CHAPTER 4 SECTION 1
Thibaut translates the opening statement of this section as Repetition (of the mental functions of knowing, meditating etc. is required) on account of the text giving instruction more than once. The third chapter was devoted to a discussion of the importance of different instructions given in the Upanishads. In the fourth chapter the teacher proposes the unfolding of the fruits of the counsels that are put in action repeatedly.
The commentators draw attention to Brhadaranyaka Upanishad (2-4-5), (4-5-6) and (4-4-21). Yajnavalkya in his counsel to his consort, Maitreyi, says that one desires to be an unattached individual (bhuta) not because he is enamoured of that status (which helps him to lead the life of a free man, though in the social periphery) but because the life of an unattached individual helps him to develop his personality (atma). (Vide Ch.18 in this work on the honey-doctrine, madhu-vidya.)
One desires to be attached with all individuals and groups and vocations (sarva) not because he likes the status of a person who is acquainted with all activities but because he wants to develop his personality (atma) thereby. So, Maitreyi has to see, hear, reflect on and meditate on all things for the development of her personality (atma). [It may be noted that we refrain from identifying atma with soul whether human or divine.] Yajnavalkya was not advocating pursuit of personal goals. Her intention was not to be acquisition of wealth or rejection of wealth and statuses. She was exhorted to see, hear, think of her atma, self, so that she might have the (further) knowledge (vijnana) of all (things and persons) (sarvam) in this (idam) larger society. (2-4-5)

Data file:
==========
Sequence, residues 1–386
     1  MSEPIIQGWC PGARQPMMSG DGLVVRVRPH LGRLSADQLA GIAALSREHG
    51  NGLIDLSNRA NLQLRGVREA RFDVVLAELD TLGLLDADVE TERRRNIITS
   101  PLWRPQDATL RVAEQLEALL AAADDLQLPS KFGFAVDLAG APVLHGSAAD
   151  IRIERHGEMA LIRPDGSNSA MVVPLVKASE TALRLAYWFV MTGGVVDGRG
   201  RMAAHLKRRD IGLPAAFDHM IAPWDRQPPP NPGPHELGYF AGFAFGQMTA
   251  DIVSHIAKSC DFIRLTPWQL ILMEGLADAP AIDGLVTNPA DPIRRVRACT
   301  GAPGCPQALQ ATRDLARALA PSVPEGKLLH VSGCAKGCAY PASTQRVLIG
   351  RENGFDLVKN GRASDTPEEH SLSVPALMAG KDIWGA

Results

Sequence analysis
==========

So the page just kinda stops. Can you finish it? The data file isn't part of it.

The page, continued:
Yajnavalkya told her that a wife holds her husband as dear to her not because she is interested in him but because she is interested in her own welfare. So does the husband seek his own welfare and not that of his wife. Similarly one seeks his or her own welfare when he or she loves their sons and not their welfare. One seeks wealth not because wealth is valuable and its creation is a need (of the society) but because he desires that wealth. So too is the case of mans desire for cattle. One desires to become a Brahmana to meet his personal interests and not because he respects the traits of an ideal scholar (Brahmana). So too his desire to become a Kshatriya is born of personal interests and is not because he respects the administrators (Kshatriyas). Yajnavalkya was finding fault with those who sought social positions for personal gains.
Yajnavalkya states that a commoner respects the aristocrats (devas) not because he admires their qualities and role as a liberal governing elite but because they would be of help to him. A student studies the Vedas not because he values their contents but because they would be useful to him in his career.